The National Milk Producers Federation endorsed a draft plan for allowing the U.S. and Canada to cope with an outbreak of a serious foreign animal contagion, such as foot-and-mouth disease, suggesting the plan is a template for similar plans involving other important dairy export markets.
The plan, drafted by the Agriculture Department's Animal and Plant Health Inspection Service, calls for the United States and Canada to recognize each other's efforts to control an outbreak, while regionalizing how the outbreak is handled, so as to allow continued trade with disease-free areas of the country.
In comments filed with APHIS Monday, NMPF, the voice of 32,000 dairy farmers in Washington, noted that Canada is the second-largest export market for U.S. dairy products, and that an outbreak of a highly contagious animal disease such as FMD in either country could be catastrophic for the U.S. dairy industry.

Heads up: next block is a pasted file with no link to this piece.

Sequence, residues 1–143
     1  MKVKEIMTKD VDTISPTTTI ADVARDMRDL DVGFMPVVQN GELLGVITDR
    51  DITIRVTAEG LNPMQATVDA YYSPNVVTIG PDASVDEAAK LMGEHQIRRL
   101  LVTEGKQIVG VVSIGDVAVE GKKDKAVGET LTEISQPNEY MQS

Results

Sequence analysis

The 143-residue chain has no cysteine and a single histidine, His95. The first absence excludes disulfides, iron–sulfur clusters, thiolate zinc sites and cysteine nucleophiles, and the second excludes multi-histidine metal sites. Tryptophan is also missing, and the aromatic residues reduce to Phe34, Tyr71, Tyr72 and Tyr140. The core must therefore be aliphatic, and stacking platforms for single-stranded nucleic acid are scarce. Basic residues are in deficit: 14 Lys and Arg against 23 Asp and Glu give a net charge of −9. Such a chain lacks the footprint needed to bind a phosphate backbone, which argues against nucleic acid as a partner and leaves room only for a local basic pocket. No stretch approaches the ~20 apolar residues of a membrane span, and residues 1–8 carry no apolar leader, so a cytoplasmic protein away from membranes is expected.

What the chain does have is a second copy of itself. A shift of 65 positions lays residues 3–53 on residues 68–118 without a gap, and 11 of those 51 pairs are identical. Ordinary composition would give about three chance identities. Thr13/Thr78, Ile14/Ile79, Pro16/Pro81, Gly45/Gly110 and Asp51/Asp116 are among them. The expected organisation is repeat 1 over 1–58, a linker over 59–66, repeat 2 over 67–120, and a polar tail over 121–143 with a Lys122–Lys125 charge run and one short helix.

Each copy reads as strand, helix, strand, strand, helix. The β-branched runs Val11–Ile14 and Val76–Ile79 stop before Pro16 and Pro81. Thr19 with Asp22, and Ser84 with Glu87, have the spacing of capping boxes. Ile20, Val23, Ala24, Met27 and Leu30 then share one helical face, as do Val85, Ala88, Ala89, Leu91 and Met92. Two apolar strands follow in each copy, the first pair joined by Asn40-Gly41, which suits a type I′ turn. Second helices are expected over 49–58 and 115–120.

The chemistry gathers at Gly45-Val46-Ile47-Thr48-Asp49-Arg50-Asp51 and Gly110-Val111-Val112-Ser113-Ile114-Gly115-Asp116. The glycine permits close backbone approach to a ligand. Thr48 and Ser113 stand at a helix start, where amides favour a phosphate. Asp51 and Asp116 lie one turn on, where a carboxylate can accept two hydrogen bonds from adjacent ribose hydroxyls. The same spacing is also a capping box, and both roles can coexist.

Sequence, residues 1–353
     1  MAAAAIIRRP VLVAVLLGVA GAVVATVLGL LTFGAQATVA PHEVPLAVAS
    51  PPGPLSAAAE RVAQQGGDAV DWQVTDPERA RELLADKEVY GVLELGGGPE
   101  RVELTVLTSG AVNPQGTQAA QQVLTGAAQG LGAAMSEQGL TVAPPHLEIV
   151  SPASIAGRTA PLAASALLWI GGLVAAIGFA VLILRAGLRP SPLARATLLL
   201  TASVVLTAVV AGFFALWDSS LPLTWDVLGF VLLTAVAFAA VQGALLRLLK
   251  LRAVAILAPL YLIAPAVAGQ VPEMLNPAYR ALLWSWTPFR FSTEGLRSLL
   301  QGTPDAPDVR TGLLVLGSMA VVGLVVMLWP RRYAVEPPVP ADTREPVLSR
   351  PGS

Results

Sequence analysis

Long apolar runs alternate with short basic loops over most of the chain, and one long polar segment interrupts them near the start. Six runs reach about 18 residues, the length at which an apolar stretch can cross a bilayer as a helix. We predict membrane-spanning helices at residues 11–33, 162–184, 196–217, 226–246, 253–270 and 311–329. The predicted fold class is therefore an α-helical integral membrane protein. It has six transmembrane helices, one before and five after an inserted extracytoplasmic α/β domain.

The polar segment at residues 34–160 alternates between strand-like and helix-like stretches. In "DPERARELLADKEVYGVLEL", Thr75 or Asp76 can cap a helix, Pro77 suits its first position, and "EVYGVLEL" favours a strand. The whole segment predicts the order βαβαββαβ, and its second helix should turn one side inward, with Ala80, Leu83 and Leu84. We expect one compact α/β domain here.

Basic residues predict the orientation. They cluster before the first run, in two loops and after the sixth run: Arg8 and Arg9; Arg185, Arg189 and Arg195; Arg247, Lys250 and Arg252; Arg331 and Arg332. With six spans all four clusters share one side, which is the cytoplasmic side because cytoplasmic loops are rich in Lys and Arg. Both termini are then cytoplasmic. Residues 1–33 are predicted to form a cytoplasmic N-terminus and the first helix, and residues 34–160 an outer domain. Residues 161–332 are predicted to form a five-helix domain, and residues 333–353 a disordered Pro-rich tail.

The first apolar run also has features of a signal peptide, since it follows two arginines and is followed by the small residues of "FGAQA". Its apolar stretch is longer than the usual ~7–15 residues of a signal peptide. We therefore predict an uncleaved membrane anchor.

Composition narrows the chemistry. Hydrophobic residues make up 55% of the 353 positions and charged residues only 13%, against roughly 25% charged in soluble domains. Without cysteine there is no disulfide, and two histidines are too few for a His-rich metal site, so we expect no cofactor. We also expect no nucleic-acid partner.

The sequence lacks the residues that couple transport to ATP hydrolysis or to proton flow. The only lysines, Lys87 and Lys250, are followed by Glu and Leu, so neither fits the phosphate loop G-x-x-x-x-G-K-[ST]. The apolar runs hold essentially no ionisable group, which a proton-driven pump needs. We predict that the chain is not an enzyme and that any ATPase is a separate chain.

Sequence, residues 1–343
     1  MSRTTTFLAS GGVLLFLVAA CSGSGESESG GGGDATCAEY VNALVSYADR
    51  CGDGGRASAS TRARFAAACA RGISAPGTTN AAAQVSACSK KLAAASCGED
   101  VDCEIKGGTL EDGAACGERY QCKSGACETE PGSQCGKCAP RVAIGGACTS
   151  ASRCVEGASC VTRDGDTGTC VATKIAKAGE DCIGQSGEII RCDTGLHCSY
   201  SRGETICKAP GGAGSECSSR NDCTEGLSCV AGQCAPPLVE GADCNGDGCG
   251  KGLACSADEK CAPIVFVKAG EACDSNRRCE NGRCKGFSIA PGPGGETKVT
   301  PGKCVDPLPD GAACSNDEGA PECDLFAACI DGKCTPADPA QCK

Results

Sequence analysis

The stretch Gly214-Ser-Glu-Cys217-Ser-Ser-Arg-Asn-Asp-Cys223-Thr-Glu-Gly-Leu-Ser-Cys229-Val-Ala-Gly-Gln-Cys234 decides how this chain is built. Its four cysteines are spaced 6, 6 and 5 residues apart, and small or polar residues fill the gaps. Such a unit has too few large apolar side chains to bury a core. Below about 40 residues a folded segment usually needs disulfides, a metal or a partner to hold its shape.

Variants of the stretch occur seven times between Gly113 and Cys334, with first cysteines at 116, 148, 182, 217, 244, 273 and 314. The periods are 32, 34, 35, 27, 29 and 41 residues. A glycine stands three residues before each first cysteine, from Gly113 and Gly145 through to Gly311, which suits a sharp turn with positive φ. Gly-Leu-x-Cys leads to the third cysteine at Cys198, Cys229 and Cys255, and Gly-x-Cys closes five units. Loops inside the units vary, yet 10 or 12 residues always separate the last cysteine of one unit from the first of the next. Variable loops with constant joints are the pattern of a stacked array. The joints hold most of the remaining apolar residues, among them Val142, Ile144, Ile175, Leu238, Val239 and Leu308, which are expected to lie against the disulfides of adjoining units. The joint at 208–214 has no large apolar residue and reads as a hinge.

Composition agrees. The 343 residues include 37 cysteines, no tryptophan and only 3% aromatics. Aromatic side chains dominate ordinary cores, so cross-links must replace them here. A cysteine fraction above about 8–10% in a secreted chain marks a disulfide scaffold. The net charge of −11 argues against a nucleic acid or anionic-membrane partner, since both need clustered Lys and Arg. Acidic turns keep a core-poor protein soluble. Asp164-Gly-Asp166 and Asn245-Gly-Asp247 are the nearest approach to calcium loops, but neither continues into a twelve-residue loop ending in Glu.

"We applaud the Agriculture Department for working with its Canadian counterparts to prepare for a foreign animal disease outbreak," said Jamie Jonker, NMPF's vice president for sustainability and scientific affairs. "We fully support the draft plan and see it as an effective tool for dealing with an outbreak."
The plan, officially termed a framework, calls for the two countries to cooperate in establishing quarantine areas that would be the focus of disease eradication efforts in an outbreak. Trade could then resume or continue in areas considered free of disease.
"The framework will facilitate continued trade between disease-free areas, while safeguarding animal health in both countries," Jonker said. "NMPF encourages USDA to use this approach as a template for other countries that are important U.S. dairy export markets." These countries include Mexico, China, Philippines, Indonesia, South Korea and Japan.
This is in contrast to another USDA proposal earlier this year, which NMPF determined had significant flaws because it will allow imports of fresh beef from certain parts of Brazil that have a history of foot-and-mouth disease.
"We are happy to have Brazil export its enthusiasm for soccer," Jonker said, "but the last thing we need is for that country to send us its FMD problems."
Over the last decade, U.S. dairy exports have increased more than 20 percent annually, and the United States is now a global leader in exports for products including cheese, skim milk powder, whey products and lactose.